Tennis, Life Lessons, and the Pandemic

Tennis, Life Lessons, and the Pandemic
Published: 2021-10-11

Excerpted from Point of Impact

 

In my new book, Point of Impact, I chronicle my lifelong journey in tennis and how the lessons I learned on the court became the life lessons of my off-court success. Two such lessons describe how I learned to “Gain Confidence Through Mini-Goals,” and “Maintain a Positive Attitude during Illness.” These lessons have been profoundly tested over the last few months. Have they helped me stay strong amid this worldwide pandemic?

 

I believe they have.

 

Gain Confidence Through Mini-Goals

 

Before I turned pro in 1969, I enjoyed success playing as an amateur in local, regional, and national tournaments. Those tournaments, like the Major tournaments, organize the players by ability (seeds) and pit stronger players against weaker players in the first few rounds. My national ranking allowed me to be seeded among the top players and I enjoyed a few easier early rounds. These wins in smaller tournaments boosted my confidence.

 

When I joined the World Championship Tennis tour (WCT) in 1971, however, I was still playing professional tennis, but the business model was different. I was a “contract pro.” The WCT — and similar tours — offered a guaranteed income (plus prize money for winning) to their hand-picked players and booked them into venues around the world to play twenty WCT tournaments, other non-WCT events, and the Grand Slams.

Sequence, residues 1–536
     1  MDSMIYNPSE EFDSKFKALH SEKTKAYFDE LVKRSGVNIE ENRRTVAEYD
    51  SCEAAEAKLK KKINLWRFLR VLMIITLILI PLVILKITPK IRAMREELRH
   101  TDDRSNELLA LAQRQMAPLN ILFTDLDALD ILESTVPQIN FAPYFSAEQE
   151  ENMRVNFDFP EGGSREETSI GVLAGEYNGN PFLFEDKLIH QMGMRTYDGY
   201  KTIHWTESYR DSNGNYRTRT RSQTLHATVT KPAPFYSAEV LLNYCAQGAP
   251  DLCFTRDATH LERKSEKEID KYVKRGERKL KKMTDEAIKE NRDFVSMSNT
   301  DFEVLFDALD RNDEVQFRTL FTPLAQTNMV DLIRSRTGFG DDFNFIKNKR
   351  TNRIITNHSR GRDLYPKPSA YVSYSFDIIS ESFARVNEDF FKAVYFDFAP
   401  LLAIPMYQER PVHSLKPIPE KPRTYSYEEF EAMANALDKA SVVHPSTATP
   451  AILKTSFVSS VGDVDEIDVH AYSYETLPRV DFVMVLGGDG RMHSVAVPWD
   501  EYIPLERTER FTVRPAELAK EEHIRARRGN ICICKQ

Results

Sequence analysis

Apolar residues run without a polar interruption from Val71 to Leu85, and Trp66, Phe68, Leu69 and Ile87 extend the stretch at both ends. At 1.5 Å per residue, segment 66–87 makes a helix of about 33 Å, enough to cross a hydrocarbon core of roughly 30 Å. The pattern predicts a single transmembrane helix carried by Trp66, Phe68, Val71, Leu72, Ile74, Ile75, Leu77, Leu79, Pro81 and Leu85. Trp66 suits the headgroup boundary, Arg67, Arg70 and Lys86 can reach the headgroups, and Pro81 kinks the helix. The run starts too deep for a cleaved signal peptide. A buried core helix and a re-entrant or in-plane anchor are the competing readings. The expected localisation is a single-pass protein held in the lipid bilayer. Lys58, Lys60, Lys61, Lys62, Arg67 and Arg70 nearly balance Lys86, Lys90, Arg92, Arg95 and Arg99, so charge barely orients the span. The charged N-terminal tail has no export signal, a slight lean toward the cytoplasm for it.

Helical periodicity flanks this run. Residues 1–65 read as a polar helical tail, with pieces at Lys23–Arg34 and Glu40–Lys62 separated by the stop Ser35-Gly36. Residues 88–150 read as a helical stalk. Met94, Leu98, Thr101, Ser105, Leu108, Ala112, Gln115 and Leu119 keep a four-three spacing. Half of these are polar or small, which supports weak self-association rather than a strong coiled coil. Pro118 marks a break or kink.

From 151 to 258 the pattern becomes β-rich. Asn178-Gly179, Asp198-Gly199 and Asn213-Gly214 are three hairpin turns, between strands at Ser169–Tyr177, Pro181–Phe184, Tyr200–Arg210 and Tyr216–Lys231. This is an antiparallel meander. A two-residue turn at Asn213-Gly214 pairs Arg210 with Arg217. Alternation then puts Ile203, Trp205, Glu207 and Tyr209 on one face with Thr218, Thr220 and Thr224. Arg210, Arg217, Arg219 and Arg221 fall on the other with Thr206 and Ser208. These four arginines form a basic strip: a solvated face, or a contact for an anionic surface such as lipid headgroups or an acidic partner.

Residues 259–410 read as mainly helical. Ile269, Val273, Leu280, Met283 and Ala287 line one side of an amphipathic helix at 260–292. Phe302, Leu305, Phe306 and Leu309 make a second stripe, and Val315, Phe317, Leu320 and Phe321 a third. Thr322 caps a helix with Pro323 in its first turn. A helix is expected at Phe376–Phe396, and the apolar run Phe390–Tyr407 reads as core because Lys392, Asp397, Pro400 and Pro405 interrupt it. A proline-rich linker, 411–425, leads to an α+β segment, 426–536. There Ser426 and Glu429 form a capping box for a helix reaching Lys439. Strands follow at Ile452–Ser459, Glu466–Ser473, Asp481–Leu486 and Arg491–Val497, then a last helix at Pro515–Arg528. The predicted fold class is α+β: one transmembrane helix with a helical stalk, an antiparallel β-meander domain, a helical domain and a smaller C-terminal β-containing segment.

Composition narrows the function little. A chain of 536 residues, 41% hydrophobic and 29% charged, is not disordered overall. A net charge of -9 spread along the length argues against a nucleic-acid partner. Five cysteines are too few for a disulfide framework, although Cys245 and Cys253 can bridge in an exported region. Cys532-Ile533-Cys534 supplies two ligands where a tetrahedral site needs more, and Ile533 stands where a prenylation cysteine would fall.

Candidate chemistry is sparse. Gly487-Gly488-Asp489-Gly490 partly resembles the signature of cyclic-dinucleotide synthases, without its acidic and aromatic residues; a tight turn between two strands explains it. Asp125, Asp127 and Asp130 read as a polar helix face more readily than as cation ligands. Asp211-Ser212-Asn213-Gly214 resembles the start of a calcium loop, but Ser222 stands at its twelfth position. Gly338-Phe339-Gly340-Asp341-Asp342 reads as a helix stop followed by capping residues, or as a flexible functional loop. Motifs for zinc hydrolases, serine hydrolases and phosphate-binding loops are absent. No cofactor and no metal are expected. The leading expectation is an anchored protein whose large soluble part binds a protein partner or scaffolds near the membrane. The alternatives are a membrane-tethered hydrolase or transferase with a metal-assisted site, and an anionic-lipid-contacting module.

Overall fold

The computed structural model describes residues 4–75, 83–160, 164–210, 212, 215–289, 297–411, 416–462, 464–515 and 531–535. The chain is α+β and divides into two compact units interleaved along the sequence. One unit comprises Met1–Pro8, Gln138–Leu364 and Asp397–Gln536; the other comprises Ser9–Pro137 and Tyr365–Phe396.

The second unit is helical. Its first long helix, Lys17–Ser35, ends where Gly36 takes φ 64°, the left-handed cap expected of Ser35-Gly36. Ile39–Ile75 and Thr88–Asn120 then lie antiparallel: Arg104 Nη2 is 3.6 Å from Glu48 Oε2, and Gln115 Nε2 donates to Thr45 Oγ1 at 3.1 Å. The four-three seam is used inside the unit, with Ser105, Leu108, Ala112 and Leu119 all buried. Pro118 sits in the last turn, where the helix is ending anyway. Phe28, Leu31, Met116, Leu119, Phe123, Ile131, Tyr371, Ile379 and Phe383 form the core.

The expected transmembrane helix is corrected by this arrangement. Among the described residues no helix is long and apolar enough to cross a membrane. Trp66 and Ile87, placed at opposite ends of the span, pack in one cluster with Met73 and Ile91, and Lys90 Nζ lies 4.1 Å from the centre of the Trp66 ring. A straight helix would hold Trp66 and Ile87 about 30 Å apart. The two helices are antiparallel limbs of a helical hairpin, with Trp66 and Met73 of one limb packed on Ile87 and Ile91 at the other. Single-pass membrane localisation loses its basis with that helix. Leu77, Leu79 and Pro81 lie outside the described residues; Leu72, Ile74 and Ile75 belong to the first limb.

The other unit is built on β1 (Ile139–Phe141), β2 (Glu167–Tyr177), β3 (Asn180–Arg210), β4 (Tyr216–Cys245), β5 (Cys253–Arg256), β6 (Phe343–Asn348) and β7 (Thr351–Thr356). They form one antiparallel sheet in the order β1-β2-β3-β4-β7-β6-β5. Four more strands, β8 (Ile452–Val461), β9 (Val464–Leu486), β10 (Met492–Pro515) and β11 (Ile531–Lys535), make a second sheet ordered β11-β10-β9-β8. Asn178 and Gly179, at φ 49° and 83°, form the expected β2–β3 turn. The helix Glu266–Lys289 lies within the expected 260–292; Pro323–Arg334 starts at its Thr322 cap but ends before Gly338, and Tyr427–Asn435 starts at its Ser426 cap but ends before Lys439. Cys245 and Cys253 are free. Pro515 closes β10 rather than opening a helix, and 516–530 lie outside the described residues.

On the WCT, we practiced, drilled, and competed almost every week from January through October. I played against the best singles players in the world — Newcombe, Ashe, Laver, and Roche — and the best doubles teams in the world — Rosewall-Stolle, Laver-Emerson, Newcombe-Roche — in the first round every week. These guys were tough; there were no more “easier early rounds” for me to win. I lost a lot of matches and a lot of confidence. I didn’t like losing.

 

photo:  Ken Rosewall and Me

    

 

photo: With Rod Laver